Nearly 300 coal miners have lost their jobs after BHP Billiton announced it would stop production at its Queensland Gregory open-cut mine.
The decision by the BHP Billiton Mitsubishi Alliance (BMA) came after an operational review found the 33-year-old open-cut mine was no longer profitable.
Coking and thermal coal prices have been falling while high costs and a strong Australian dollar have also impacted on the mine, BHP said in a statement on Monday.
The job cuts affect 55 direct employees and 242 contractors, a BHP spokesman said.
Production will stop on October 10, when the mine will be put on a care and maintenance program, meaning it could re-open if conditions improve.
BMA's mines in Queensland's Bowen Basin were the scene of industrial action, including strikes, earlier this year over an enterprise bargaining agreement offer.
BMA Asset president Stephen Dumble said production costs for the open-cut Gregory mine currently exceed the revenue from product sales, and therefore the only option available to the company was to cease production.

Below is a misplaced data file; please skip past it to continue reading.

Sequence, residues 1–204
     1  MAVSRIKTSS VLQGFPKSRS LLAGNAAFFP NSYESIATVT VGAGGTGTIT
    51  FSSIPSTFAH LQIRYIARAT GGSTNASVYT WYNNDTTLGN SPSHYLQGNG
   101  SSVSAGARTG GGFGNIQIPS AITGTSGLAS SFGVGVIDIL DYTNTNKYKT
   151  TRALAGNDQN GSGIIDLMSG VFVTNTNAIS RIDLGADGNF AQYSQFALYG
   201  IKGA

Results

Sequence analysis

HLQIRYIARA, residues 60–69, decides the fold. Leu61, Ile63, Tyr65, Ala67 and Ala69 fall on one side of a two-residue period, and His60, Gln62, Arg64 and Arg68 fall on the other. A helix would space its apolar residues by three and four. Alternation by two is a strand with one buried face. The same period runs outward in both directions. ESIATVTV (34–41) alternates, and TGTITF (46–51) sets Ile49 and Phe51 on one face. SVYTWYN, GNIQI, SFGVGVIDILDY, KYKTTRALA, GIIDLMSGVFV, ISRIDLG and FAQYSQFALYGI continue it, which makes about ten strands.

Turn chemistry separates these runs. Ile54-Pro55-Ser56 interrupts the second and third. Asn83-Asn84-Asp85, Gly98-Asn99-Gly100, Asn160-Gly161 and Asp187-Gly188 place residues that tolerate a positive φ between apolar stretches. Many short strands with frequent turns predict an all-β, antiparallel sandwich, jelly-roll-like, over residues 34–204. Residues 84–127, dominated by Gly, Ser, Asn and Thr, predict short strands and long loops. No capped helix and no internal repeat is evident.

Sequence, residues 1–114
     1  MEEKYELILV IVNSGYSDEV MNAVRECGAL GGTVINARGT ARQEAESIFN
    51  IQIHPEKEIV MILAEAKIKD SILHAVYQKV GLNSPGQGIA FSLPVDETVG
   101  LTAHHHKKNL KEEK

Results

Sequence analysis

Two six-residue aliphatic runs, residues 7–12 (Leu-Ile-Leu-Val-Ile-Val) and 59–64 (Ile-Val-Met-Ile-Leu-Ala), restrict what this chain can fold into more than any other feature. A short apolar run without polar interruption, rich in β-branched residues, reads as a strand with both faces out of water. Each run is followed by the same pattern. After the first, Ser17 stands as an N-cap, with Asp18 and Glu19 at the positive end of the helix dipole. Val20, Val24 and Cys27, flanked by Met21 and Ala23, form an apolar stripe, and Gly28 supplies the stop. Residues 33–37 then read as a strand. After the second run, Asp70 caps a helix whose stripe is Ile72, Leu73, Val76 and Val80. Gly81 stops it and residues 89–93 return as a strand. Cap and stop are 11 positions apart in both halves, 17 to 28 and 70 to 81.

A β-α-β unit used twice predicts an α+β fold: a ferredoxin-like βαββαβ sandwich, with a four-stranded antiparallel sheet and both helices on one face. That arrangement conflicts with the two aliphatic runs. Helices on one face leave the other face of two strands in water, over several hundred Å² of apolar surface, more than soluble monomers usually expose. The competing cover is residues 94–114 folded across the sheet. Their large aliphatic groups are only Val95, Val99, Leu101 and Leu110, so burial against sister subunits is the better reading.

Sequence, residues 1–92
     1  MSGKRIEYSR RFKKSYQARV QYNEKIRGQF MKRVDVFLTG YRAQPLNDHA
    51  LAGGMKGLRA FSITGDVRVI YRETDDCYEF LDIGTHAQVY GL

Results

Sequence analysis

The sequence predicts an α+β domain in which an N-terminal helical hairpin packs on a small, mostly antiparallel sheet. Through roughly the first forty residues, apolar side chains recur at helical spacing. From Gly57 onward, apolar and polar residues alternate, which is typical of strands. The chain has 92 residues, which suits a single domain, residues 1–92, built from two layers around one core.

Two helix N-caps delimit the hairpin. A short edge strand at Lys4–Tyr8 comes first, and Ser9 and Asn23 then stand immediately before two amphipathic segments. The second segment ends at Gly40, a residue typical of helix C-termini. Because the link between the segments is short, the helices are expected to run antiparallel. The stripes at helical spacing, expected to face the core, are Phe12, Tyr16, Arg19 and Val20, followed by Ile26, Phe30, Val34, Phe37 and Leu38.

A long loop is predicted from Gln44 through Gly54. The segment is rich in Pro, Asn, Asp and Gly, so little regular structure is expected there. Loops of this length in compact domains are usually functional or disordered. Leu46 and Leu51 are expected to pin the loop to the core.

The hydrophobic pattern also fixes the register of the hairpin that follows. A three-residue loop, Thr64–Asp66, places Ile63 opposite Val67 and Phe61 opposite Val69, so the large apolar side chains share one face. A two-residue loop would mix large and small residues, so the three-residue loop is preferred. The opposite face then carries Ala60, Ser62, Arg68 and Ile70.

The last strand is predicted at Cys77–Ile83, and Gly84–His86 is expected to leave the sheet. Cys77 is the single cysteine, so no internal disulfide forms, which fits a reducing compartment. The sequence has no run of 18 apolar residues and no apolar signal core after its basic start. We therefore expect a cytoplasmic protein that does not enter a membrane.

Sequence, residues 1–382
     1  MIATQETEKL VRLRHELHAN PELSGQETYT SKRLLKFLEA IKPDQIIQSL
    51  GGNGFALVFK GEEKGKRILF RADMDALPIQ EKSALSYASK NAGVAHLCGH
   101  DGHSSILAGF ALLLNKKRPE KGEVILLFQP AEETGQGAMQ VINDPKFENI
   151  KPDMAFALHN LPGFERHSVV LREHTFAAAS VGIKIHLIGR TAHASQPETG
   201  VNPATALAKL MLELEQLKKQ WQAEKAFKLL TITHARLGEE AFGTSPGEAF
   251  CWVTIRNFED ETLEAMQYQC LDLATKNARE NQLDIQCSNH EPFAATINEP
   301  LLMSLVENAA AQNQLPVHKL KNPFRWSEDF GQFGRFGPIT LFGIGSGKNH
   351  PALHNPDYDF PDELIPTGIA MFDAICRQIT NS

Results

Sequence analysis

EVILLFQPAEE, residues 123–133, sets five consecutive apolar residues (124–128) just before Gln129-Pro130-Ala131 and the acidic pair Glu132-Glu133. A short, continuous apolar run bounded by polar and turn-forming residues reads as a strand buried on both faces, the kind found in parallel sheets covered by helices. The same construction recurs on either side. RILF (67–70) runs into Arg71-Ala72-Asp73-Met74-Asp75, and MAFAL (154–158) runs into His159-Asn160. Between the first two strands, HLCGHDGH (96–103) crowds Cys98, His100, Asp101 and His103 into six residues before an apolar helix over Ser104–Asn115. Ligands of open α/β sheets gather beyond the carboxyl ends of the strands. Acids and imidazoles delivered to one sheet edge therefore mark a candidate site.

"We understand that this decision will have an impact on our employees, their families and the Emerald community," he said in a statement.
"We will work closely with our workforce and look for opportunities to redeploy affected employees to other BMA operations."
The adjacent Crinum underground mine will continue to operate along with the Gregory Coal Handling Preparation Plant.
BMA would continue to review its remaining portfolio of assets to ensure that each operation can be cost competitive and profitable across the price cycle, he said.
Production also stopped at BHP Billiton's loss-making Norwich Park coal mine in central Queensland in May.